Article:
A skunk tested positive for rabies this month after an animal to animal exposure near Heizer, according to a Facebook post from the Golden Belt Humane Society:
“All necessary precautions have been taken, but we wanted to make sure folks knew rabies is here in our area.
“In 2019, several skunks and a cat in The City of Great and Barton County tested positive for the rabies virus in which some were caused by animal to animal exposure and some caused by animal to human exposure. We have definitely seen an increase of positive cases due to exposures or even viewing rabid and abnormal behaviors of skunks. Raccoons, fox and bats are other known carriers of the virus as well, but we are seeing more skunks as the culprits, more so in our area,” the post advises.
“Exposures are costly, rather it be your animal spending 10 days to 6 months in quarantine, the medical bills associated if a human was bitten, and the list doesn’t stop there. Owners sometimes opt to quarantine their animals, others make the hard decision to euthanize due to severity of the bite and/or the costs of quarantining the animal/s. It’s not an easy decision, but it is choice we have as pet owners when it comes to vaccinating our pets as required.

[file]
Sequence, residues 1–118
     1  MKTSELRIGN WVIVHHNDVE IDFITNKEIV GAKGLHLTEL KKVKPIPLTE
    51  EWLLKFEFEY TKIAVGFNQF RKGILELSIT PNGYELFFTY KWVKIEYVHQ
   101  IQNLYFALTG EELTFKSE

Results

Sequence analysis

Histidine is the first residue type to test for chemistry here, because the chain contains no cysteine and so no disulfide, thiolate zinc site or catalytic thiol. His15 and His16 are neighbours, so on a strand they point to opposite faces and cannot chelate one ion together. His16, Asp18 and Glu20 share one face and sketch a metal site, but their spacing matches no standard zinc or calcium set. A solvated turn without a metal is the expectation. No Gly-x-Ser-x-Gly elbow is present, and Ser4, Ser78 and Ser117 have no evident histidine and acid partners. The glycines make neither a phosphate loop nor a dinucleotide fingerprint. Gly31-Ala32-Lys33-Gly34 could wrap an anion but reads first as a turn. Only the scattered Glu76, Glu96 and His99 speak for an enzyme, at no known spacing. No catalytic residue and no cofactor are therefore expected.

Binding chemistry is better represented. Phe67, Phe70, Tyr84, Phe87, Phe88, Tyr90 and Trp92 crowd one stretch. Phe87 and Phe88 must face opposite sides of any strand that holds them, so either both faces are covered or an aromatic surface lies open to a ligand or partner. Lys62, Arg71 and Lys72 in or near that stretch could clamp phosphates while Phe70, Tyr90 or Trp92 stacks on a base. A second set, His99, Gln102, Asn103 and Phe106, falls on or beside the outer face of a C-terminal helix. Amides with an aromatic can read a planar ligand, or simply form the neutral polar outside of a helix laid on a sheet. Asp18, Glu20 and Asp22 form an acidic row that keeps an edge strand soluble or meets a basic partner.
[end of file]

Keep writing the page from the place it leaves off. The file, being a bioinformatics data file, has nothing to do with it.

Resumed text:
“When any animal bites, there is a standard protocol in which to investigate the bite. Animal bites are reported not only locals hospitals, emergency rooms or family doctors offices, but they are also reported to law enforcement, Animal Control, the pet owners veterinary doctor, Barton County Health Department and Kansas Department of Health and Environment. These protocols are put in place for the public’s safety and educate why rabies vaccines for our pets are required. Bites can happen anywhere, anytime and it is best to be prepared as our ordinances and resolutions require.”
The humane society post reminds pet owners that most veterinary clinics send reminders when vaccinations are due, and most areas are subject to regulations requiring rabies vaccinations for dogs, cats, ferrets and horses. “Please, help keep your pets safer and get them vaccinated as required.”